A Systems Biology Platform for Predictive Ecotoxicology in Daphnia magna

Lead Research Organisation: University of Liverpool
Department Name: Institute of Integrative Biology


The monitoring of the environment for adverse effects of chemical pollution is of paramount importance in maintaining biodiversity and environmental health. This is particularly important for the aquatic environment into which a wide range of pollutants find their way, for example from pesticide run-off, industrial spills and excess nutrients from the release of untreated sewage. Pollution remains a major problem in the UK, with the Environment Agency estimating that up to 82% of rivers are 'at risk' from chemicals such as nitrate and phosphorus. Often adverse impacts to these pollutants can only be identified when they are sufficiently severe so as to affect survival of organisms and thus are identifiable at a late stage, after the damage is done. Attempts have been made to use more sensitive molecular indicators of early change ("biomarkers") but these generally inform only on the levels of chemical exposure and have limited diagnostic or predictive power in relation to toxicity. Therefore the application of molecular biomarkers to environmental monitoring has been very limited to date.
Inspired by the tremendous success of recent technologies in biomedicine, we propose to develop an equivalent system for biomarker discovery in an environmental context, i.e., to develop biomarkers for application to environmental monitoring and diagnostics. These technologies can measure many thousands of biochemicals (including gene products and metabolites) in exposed organisms and by using mathematical and computational tools we can identify the underlying pathways to toxicity. These computational models will enable us to discover a set of genes and metabolites that can be highly predictive of an adverse impact on living organisms and at the same time provide a characteristic fingerprint of the type of pollutant class(es) responsible for such impact. We will study these effects in the water flea (Daphnia magna) which is already commonly used in the testing of contaminated water samples for toxicity. A wide range of chemicals representing major pollutant classes will be assessed and the molecular signatures will be compared to physiological responses in the water fleas. This will allow us to discover molecular signatures that have high diagnostic value in an ecological context, specifically telling us about the health and reproductive fitness of the water fleas. Also, the computational methods will allow us to discover molecular signatures that causally relate to the water fleas' health. This represents a major advance over current molecular biomarkers.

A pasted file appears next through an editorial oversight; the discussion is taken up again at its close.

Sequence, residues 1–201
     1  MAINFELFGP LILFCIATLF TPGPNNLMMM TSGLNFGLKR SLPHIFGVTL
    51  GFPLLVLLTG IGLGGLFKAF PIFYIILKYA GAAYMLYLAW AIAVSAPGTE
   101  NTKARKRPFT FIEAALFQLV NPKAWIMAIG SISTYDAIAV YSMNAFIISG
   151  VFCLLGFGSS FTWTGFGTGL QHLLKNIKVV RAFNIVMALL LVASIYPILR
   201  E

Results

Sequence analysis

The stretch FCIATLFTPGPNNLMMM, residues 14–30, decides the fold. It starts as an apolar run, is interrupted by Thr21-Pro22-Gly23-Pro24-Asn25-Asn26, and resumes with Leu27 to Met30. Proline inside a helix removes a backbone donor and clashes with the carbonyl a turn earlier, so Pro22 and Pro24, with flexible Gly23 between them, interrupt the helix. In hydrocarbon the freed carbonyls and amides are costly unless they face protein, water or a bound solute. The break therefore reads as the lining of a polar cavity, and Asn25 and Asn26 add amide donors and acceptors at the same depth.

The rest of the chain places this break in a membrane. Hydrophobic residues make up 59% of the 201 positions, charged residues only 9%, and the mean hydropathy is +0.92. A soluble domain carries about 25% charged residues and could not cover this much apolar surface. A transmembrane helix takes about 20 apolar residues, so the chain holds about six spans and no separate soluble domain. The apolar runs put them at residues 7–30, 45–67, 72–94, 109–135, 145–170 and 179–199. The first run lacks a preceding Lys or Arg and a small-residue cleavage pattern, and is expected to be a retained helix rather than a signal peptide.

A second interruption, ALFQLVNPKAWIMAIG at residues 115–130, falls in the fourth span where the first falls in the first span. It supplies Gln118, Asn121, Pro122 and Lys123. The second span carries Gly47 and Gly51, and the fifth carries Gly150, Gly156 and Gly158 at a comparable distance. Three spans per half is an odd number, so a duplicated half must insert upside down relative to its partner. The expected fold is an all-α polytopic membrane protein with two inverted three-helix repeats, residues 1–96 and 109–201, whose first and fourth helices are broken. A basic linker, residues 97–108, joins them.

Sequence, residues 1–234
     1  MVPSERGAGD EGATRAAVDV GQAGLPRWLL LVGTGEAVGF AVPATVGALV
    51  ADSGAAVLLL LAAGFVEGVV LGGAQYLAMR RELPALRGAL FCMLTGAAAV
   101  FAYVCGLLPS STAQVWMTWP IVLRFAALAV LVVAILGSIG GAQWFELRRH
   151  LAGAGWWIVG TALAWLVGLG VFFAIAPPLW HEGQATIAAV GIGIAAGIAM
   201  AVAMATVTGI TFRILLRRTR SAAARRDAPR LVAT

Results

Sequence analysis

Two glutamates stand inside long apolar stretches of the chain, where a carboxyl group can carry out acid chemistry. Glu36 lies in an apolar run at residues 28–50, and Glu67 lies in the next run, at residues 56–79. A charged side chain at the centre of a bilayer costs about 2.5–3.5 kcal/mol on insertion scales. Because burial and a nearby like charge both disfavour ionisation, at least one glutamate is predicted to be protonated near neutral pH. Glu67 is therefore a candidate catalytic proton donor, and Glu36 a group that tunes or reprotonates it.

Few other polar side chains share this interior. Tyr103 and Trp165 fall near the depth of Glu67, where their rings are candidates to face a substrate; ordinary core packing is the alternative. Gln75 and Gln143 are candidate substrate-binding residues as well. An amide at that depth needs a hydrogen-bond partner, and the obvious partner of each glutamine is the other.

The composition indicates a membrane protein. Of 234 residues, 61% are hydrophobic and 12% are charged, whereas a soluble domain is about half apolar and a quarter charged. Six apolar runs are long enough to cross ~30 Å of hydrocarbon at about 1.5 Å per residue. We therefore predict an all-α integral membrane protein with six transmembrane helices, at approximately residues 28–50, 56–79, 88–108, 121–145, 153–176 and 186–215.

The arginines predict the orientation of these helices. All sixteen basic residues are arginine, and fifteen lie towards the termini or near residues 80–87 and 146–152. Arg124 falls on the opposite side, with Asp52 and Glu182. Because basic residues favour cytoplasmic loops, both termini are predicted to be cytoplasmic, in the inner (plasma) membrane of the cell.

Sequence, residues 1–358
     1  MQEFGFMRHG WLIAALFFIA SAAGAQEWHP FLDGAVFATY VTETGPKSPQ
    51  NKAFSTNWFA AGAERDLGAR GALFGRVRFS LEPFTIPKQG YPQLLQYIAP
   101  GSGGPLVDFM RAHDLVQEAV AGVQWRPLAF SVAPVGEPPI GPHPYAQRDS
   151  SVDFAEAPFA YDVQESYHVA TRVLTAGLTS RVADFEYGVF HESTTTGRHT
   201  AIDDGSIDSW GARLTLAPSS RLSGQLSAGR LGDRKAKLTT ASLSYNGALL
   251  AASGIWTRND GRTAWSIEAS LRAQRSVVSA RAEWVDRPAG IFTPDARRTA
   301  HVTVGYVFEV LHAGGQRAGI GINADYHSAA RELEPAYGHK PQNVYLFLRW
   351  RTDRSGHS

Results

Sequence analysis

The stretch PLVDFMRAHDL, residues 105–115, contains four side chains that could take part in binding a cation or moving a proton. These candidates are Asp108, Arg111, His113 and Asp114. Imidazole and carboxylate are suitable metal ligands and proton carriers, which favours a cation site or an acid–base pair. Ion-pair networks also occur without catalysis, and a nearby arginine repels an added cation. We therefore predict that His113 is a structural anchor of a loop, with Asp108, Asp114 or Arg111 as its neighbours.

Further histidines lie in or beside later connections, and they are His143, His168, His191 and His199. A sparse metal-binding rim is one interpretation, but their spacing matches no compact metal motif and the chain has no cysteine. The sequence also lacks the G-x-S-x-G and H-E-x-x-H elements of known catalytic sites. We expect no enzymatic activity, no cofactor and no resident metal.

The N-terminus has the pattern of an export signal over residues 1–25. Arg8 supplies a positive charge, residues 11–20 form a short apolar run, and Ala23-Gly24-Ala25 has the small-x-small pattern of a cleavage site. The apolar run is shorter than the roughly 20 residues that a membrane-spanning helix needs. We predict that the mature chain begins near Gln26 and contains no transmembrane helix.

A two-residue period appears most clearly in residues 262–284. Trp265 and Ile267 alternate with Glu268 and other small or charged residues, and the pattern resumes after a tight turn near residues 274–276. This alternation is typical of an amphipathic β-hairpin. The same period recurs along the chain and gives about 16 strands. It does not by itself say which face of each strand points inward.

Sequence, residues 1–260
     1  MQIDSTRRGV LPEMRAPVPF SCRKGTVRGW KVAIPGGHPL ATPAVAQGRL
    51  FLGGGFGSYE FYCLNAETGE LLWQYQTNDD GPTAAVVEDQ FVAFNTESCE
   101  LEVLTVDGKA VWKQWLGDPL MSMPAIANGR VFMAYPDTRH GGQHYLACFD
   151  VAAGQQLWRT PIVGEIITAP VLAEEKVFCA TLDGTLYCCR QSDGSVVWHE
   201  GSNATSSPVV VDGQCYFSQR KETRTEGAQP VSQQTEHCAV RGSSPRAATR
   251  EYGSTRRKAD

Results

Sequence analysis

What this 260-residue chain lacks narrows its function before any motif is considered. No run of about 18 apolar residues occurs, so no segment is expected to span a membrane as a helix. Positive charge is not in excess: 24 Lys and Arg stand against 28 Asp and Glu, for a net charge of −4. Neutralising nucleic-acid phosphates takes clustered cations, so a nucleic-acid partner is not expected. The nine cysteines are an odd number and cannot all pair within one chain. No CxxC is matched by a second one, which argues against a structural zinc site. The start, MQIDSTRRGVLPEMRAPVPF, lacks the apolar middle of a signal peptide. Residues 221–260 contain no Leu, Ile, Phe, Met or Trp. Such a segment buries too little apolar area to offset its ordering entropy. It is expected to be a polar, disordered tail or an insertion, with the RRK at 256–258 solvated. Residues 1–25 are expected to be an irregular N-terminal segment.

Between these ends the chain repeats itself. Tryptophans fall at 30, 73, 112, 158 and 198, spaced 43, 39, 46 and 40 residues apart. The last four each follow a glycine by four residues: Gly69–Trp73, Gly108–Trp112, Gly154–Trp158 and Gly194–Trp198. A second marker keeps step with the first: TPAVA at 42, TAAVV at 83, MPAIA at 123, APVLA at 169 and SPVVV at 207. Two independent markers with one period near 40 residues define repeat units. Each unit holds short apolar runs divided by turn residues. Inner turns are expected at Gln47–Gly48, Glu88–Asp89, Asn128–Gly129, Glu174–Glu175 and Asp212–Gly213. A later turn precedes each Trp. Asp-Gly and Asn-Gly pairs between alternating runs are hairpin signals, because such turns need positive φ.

Once these characteristic fingerprints of molecules that are predictive of different toxicities are established, we will test such fingerprints to be predictive of the chemical makeup of water samples taken from polluted environments and with proven environmental impact. Such sampling will be in collaboration with our project partner, the Environment Agency. We will be "blinded" to the nature of these samples, enabling a robust evaluation of our ability to (1) determine the "ecological status" of the water and (2) diagnose the underlying pollutant class, thus enhancing the regulators' ability to target remedial measures. Following this validation of the new predictive biomarkers we will convert them into simple, rapid and economic assays, resulting in the provision of a new generation of environmental monitoring tools. After the project, and through our collaborations with end-users in the UK, Europe and North America, we will seek to pilot our molecular biomarkers alongside conventional biological and chemical monitoring, e.g. as part of the Water Framework Directive. In summary, this exciting project is interdisciplinary, involving fundamental biochemistry and physiology, toxicology, molecular biology and bioinformatics, and promises a significant advance in the tools available to monitor the health of our environment.

Planned Impact

The impact of this work relates to both the academic community and to a range of end users with interests in the maintenance of a healthy environment. Regarding the former, the provision of the first comprehensive integrated "molecular-physiology effects" dataset representing the response of an organism of relevance for environmental and toxicological assessment of chemicals will be an invaluable resource for academic researchers in ecotoxicology. The academic community within toxicology will benefit specifically from improved understanding of mechanisms of toxicity and by gaining a crucial knowledge for progressing the safety of chemicals such as pesticides and drugs. The pipeline we will develop and validate will represent an important reference for establishing a gold standard for 2nd generation biomarker discovery in the NERC and environmental biology international communities. Furthermore, the methodologies to be developed will help the progression of systems biology as an academic discipline well beyond the environmental biology area. The research will play a role in enhancing the integration of the disciplines of mathematics, computer science and biology. The early career researchers on the project will also benefit from expertise developed within a multidisciplinary research environment including interaction with end-users thus equipping them with skills appropriate for a future career at the interface between academia and industry or regulators in an environmental context.